BOOTHBAY HARBOR — The most interesting man in the world has gone to meet his maker. John Buck, 76, passed away Tuesday, Aug. 7, at St. Andrews Village, Boothbay Harbor. He was a teacher, a shopkeeper and an adventurer. When asked about the safety hazards of the old clunker he used to drive, he said, “I like to live on the edge.” And that he did.

Mr. Buck was his preferred form of address. He leaves behind three grandkids by his daughter, Heather: Amos and twins Thomas and Cyrus. When the eldest was born, he was asked what the grandchild should call him. His first response was, “Mr. Buck.” He eventually settled on PawPaw, a moniker fitting for the boys who live south of the Mason-Dixon line.

Mr. Buck was born in Boothbay Harbor on March 1, 1942, the son of Clifford Buck and Katherine (Thompson) Buck. Back in the 1940s, they did not have ultrasound technology so no one knew his mother had been carrying twins. John’s brother, Bill, was delivered first, and then the doctor said, “Something else is trying to come out — it must be a tumor!” And that tumor was John.

He attended local schools and graduated from Boothbay Harbor High School. In college at the University of Maine at Machias, he lived off campus and partied so much that his landlord evicted him. Compelled to take up residency in the dorms, Mr. Buck was the only person in the history of Maine school systems to get kicked onto campus.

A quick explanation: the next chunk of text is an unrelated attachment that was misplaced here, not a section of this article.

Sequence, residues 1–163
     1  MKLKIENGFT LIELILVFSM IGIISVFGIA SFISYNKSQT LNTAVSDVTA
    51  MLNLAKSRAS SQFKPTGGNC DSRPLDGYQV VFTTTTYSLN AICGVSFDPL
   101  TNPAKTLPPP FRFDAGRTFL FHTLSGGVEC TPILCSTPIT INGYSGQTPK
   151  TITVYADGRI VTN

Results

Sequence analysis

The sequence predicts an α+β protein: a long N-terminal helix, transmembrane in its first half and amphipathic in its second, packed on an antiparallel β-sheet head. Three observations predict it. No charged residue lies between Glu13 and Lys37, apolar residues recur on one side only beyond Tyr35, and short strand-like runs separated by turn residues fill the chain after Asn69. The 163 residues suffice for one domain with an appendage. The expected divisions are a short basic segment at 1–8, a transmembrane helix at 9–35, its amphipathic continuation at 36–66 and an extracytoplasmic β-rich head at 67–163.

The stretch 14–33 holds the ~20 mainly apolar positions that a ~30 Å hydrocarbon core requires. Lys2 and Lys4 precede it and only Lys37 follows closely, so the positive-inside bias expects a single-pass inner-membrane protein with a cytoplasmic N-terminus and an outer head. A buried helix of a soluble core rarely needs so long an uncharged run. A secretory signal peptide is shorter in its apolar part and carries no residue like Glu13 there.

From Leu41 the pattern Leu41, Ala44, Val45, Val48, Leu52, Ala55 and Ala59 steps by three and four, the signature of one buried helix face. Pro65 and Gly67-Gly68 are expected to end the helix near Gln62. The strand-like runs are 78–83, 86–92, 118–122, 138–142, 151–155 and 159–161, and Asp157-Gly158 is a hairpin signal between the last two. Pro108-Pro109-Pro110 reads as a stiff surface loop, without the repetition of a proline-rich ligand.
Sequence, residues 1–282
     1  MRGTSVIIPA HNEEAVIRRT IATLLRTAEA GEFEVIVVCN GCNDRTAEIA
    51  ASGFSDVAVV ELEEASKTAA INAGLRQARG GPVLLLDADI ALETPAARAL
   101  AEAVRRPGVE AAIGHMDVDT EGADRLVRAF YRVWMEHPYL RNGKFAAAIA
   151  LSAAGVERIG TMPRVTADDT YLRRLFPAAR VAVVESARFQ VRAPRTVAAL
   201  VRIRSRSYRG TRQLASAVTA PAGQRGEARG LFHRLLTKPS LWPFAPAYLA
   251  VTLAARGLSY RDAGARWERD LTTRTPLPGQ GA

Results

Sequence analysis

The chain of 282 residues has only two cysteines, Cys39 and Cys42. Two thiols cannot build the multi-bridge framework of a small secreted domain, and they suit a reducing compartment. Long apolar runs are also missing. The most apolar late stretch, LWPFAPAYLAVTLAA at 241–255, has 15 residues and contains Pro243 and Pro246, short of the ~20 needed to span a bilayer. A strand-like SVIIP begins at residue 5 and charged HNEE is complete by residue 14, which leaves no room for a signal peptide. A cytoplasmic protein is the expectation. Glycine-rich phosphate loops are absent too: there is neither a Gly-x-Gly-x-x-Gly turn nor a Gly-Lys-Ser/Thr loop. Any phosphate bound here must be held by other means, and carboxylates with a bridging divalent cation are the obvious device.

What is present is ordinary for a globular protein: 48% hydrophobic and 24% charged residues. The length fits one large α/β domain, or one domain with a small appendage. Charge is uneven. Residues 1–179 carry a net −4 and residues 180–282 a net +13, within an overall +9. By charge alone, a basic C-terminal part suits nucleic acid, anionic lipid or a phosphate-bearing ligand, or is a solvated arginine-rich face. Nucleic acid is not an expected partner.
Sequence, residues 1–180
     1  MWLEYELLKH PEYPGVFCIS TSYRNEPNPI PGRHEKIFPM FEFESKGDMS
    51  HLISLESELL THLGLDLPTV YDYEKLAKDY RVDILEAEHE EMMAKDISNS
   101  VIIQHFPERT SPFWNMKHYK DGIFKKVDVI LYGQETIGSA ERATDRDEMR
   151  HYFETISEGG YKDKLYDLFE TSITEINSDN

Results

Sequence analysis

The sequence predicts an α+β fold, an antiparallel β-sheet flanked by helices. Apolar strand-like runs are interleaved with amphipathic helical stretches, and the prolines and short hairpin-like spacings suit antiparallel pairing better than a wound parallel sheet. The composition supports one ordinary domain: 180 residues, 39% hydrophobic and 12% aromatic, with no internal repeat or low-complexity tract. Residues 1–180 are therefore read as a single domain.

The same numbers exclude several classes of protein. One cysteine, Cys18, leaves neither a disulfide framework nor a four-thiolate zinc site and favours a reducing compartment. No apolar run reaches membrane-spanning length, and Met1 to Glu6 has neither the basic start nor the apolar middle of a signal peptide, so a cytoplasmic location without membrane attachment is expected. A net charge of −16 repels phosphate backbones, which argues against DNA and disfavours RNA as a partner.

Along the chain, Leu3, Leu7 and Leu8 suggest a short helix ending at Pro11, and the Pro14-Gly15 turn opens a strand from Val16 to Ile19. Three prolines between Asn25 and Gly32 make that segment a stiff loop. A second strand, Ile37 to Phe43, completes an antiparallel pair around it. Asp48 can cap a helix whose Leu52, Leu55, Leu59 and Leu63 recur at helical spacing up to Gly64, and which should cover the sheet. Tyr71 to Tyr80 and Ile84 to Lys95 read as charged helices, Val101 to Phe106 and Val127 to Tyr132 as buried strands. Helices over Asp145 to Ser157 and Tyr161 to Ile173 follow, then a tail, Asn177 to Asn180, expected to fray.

He served in the U.S. Air Force during the Vietnam War, was a member of the American Legion Post in Boothbay and a member of the Masonic Lodge.

John taught business and accounting at Mount Ararat High School, and later owned and operated Handy Andy’s convenience store in Yarmouth. In his retirement, he worked for Lewiston Variety under the honorific of clerk emeritus.


He served in the Maine Legislature, where he made entertaining speeches from the floor, once citing the statue of Minerva that sits atop the State House as disgraced for the lack of wisdom demonstrated by the politicians working below her.

In the 1960s, he lived out west, developing computerized timestamp machines for workers clocking in for their shifts. He understood computers well until the advent of smartphones. He could never figure out how to check his voicemail. Mr. Buck was a man of learning, and read unceasingly. His daughter, Sarah, once took a measuring tape to his personal library and calculated that he had 200 square feet of books. He had been writing a book about the Horatio Hall, a steamship captained by his grandfather. Sarah, a writer herself, plans to compile his research and release the book.

A constant traveler, he spent many winters in Clearwater, Fla., and in the summertime he found guest rooms in homes across the state of Maine. His own home in Boothbay Harbor is nicknamed “The Bilge” — a party house where the whiskey flowed and everyone was welcome.

Mr. Buck is predeceased by his wife, Pauline Buck; his sister, Barbara Buck Grover; twin brother, Bill Buck, who used to raise all kinds of hell with him. They enlisted in the Air Force together, and during basic training Mr. Buck was unable to pass the rifle exam. He switched dog tags with Bill, and became a sharpshooter overnight.

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